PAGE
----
Feb 19: The Wrestler – 115 mins – US Drama/ Sport – Mickey Rourke whose portrayal of an over-the-hill athlete has already won him a wheelbarrow full of accolades, including a Golden Globe, has now received a best-actor Oscar nomination. I think it’s quite a wonderful performance of a loser of a professional wrestler – Randy the Ram – that you wouldn’t ordinarily care about. But you end up caring about this man considerably. Directed by Darren Aronofsky. The twice-divorced actor recently admitted he could empathize with his character's struggles because of his own turbulent life. Rourke - who spent 15 years in the Hollywood wilderness - said: "Randy has been in the twilight of his career for several years. He thinks he has one more game in him - one more shot. He wants to come back again. I know what that feels like. Randy was somebody 20 years ago and so was Mickey Rourke. When you used to be a somebody and you aren't anybody anymore, you live in what my doctor calls a state of shame. Hollywood is a very unforgiving place, but I took a nosedive all by myself, no one pushed me." Rourke, 56, has suggested he had additional help creating his hulking physique with banned body-building substances. Rated R in the US for violence, sexuality/nudity, language and some drug use. Will have to be heavily censored for release here, I think. Reviews: Universal acclaim: 81/81 out of 100.
Feb 12: Doubt – US Drama/ Mystery with nun Meryl Streep.
Apr 30: Frost/Nixon – Nominated for Oscar best picture and best director – five nominations total. I don’t think it’s either, but there are many reasons to see the film. Washington Post: this year's dose of thinky, political, adapted-from-the-stage fare.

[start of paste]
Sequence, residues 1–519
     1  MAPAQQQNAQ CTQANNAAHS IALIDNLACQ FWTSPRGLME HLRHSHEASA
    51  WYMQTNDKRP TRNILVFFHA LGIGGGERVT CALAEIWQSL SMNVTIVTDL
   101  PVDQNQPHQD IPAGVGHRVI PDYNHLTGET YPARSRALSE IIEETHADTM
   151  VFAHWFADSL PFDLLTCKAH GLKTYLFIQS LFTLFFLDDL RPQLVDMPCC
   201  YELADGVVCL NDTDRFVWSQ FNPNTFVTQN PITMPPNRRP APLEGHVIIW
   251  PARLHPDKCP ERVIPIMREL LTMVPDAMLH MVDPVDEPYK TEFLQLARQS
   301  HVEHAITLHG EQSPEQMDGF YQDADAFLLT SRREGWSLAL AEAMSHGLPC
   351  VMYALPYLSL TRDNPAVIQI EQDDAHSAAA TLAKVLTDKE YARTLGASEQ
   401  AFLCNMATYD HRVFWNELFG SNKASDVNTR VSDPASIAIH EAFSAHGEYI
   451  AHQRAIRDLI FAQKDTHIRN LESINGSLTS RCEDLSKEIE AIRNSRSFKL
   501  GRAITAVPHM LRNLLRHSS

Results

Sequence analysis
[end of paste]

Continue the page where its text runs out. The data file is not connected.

Not scheduled, at least not yet
Slumdog Millionaire: US/UK Crime/ Drama/ Romance – 120 mins – Most improbably (a third of the movie is in Hindi, after all), this film won four Golden Globes – best picture, best director, best screenplay and best score – and is now nominated for Oscar best picture and best director – and eight other awards. And as for the British equivalent of the Oscars, the film is now nominated for eleven BAFTA awards.
It’s a hybrid of a Bollywood love story and throbbing Hollywood storytelling. I found it terribly disturbing in parts, particularly in the early section dealing with the horrible life of these kids in India and the inhumane way they were treated, with simply ghastly exploitation and torture. I mean, there are some really dreadful things that happen in this movie! Reminded me much of Oliver Twist in this respect.
But it somehow ended for me as a gloriously uplifting and upbeat song to life and living. However, it didn’t quite work this way for one of my friends, who said, “I didn't! It didn't do that for me! It's such an all-encompassing and powerful indictment of Indian society at every level that the tacked-on happy ending didn't feel that glorious to me. The pill was so bitter that the sugar hardly helped.”